This was a two-part wine tasting spread out over two weeks. Great Wines & Spirits likes to do an Affordable French tasting, and this season they had two dozen. I'm just going to keep the whites together and the reds together rather than separate them by date. As usual with French wines, there's not always a website for the producer. So I try to link to a distributor, retailer, or blog, something that has any useful information. Sometimes the only information isn't available in English.
I should note yet again for the record that I do not speak French beyond basic conversation/pleasantries, nor do I have any formal training in that language, but I've picked up a lot over the years. Malheureusement, je parle le français comme une vache espagnole. I try hard to use the proper spellings for all of these different châteaux et vins. (If any other bloggers want help with displaying custom European characters, drop a note in the comments and I'll do a tutorial post later. Those are easy; the Greek and Eastern European/Russian characters generally require the person on the viewing end to have their browser configured properly.) Since most of my French vocabulary revolves around food and wine, I can usually muddle through websites or recipes without too much trouble, though browsing for 24 French wines in a row wore me out. In Italian, the longer I go the more comfortable I get, but with German and French I start getting a headache after a while. C'est la vie.
By the way, if you're looking for something pricier, Slate has a good story on a writer's quest for a certain $700 White Burgundy.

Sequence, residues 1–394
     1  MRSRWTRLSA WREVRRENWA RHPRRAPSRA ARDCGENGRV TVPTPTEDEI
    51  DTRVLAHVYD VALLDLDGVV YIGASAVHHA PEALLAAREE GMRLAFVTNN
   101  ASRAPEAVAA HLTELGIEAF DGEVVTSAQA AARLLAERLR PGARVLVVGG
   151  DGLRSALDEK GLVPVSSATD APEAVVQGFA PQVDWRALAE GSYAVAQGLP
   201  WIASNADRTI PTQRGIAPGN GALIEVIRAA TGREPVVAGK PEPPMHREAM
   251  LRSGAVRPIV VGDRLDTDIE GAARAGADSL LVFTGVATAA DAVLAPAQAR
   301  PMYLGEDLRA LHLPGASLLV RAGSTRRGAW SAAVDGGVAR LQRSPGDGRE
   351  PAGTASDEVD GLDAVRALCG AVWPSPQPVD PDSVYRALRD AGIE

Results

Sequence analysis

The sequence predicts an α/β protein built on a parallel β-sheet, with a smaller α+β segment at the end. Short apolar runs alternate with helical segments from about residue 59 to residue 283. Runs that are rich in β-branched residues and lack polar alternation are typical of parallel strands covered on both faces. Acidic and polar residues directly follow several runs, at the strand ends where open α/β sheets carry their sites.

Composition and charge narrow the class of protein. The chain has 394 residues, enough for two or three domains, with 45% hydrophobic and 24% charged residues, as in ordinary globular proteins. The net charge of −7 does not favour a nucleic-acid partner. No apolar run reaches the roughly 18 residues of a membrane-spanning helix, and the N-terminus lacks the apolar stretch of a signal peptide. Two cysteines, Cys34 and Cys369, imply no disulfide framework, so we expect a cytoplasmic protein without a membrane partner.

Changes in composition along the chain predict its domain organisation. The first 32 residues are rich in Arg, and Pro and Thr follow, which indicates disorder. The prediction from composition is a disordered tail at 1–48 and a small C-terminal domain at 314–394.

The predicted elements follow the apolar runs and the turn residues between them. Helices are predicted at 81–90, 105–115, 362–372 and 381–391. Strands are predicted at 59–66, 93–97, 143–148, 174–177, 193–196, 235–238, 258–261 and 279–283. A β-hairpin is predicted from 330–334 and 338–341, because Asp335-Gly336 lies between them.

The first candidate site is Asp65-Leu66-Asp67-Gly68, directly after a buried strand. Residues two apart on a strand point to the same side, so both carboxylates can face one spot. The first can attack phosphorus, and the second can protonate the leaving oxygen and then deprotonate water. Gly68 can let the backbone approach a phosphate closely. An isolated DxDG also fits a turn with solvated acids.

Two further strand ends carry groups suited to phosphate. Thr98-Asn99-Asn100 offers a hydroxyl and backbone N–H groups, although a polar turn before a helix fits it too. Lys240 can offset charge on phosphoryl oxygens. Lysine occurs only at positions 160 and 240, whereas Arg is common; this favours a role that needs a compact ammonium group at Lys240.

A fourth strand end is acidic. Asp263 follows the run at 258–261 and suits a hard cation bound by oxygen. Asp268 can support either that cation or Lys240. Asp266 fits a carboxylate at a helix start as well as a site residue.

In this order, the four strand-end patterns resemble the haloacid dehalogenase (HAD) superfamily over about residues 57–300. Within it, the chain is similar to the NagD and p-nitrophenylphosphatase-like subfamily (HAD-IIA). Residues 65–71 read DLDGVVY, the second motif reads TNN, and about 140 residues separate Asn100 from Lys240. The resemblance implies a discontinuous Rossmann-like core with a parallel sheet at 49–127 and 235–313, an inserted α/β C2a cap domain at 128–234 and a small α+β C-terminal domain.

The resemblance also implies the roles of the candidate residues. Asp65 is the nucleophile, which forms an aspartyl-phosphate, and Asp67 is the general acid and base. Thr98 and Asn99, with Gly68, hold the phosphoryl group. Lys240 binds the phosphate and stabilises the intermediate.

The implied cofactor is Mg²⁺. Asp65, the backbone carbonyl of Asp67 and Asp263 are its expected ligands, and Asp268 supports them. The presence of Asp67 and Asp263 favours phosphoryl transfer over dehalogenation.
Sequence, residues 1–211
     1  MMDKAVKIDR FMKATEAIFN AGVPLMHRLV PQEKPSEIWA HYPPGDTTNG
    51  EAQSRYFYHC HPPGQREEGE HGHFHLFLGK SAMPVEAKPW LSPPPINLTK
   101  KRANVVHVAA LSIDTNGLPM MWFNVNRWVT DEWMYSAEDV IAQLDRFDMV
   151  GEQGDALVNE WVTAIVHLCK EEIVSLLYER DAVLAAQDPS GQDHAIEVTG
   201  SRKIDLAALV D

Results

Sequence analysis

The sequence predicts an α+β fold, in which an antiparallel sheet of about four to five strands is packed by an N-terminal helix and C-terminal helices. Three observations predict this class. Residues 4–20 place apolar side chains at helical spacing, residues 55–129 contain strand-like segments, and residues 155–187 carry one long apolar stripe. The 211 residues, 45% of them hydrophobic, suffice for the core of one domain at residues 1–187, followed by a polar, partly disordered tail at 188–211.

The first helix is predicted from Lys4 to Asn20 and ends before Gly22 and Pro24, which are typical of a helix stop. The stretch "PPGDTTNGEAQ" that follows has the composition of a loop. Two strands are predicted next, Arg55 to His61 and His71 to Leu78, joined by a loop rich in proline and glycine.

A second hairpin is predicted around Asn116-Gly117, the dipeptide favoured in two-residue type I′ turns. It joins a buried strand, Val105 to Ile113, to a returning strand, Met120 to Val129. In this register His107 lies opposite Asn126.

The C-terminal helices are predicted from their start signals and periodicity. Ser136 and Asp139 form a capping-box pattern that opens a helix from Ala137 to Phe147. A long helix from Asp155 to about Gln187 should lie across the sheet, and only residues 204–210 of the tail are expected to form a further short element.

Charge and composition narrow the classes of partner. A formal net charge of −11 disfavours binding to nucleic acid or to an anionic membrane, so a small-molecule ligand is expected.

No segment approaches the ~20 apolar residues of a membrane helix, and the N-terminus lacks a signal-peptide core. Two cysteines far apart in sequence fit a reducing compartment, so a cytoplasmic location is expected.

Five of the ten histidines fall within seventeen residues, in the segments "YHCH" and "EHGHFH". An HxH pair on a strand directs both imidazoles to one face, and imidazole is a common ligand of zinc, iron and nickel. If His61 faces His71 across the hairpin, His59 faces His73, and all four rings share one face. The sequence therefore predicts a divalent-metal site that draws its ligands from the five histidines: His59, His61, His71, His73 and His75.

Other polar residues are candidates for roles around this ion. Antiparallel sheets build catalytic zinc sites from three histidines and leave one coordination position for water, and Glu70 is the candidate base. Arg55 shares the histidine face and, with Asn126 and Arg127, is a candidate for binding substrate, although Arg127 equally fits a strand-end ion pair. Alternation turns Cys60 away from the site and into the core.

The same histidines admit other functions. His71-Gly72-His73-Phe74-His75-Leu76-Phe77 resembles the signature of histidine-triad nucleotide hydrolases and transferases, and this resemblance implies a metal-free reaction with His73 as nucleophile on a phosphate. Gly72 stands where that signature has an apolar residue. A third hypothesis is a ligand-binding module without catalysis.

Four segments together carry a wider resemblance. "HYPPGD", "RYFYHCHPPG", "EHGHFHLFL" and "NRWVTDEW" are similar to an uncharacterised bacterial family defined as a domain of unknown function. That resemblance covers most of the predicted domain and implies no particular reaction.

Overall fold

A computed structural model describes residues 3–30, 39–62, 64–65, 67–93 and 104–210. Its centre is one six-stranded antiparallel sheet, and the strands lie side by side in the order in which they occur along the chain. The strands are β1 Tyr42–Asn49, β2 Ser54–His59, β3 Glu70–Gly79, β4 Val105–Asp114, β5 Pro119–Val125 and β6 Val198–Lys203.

Wine 1: 2005 La Vieille Ferme Blanc. Côtes du Luberon, France. An organic wine made of Grenache Blanc, Roussanne and Ugni Blanc. The name means "The Old Farm". Fruity nose of nectarines. Bright and crisp flavor yet pleasantly dry. Great bargain at $9, also available in a magnum for around $15.
Wine 2: 2005 Château Trocard Sauvignon Blanc. Bordeaux, France. 80% Sauvignon Blanc and 20% Semillon. Fairly closed on the nose. A fruity flavor, yet slightly bitter. I had mixed reactions to this wine, would prefer to have it with food. $12.
Wine 3: 2004 Kuentz-Bas Pinot Blanc. Alsace, France. Very light nose, almost bubbly crispness. Tart and acidic. $16.
Wine 4: 2001 Lycée Viticole Blanc. Beaune, Burgundy, France. A fun white Burgundy with popcorn and cotton candy nose, very smooth and easy drinking. A short finish. This wine and the Lycée Viticole Rouge below are both produced at a French wine school there in Burgundy. The site linked is in French; there's not much English language information about these wines. $30.
Wine 5: 2002 Jean Thevenet Domaine de la Bongran. Mâconnais, Burgundy, France. Solid flavors, with some green apple present. Medium tartness with good balance. Might benefit from a little time to open up, but I enjoyed it as is. $35.
Wine 6: 2004 Félines Jourdan Picpoul de Pinet. Coteaux du Languedoc, France. Made of 100% Picpoul de Pinet. Lemon and peach aroma, more peach flavor. Smooth, not tart with a short finish. Very pleasant. $14.
Wine 7: 2005 Château Graville-Lacoste. Graves, Bordeaux, France. 80% Semillon, 15% Sauvignon Blanc, and 5% Muscadelle. Harsh aroma, but with a creamy mouth feel and mild flavors. Unusual wine. $18.
Wine 8: 2005 Earl Delaille Domaine Salvard Cheverny. Loire, France. Citric, grapefruit aroma with matching flavors. Medium tartness, a little thin. $15.